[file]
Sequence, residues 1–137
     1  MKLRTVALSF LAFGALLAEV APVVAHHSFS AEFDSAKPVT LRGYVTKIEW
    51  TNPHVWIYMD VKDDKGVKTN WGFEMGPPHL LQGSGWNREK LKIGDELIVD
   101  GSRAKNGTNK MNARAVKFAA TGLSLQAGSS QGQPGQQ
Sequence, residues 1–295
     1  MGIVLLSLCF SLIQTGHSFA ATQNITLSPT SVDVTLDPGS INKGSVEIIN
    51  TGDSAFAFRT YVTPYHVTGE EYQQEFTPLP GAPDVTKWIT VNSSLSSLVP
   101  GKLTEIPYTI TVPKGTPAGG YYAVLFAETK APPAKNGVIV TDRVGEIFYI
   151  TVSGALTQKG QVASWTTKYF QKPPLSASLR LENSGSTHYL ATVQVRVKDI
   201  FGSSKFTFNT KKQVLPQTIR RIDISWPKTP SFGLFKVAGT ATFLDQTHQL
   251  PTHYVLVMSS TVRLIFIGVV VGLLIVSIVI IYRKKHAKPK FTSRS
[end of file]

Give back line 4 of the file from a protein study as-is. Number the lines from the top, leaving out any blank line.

   101  GSRAKNGTNK MNARAVKFAA TGLSLQAGSS QGQPGQQ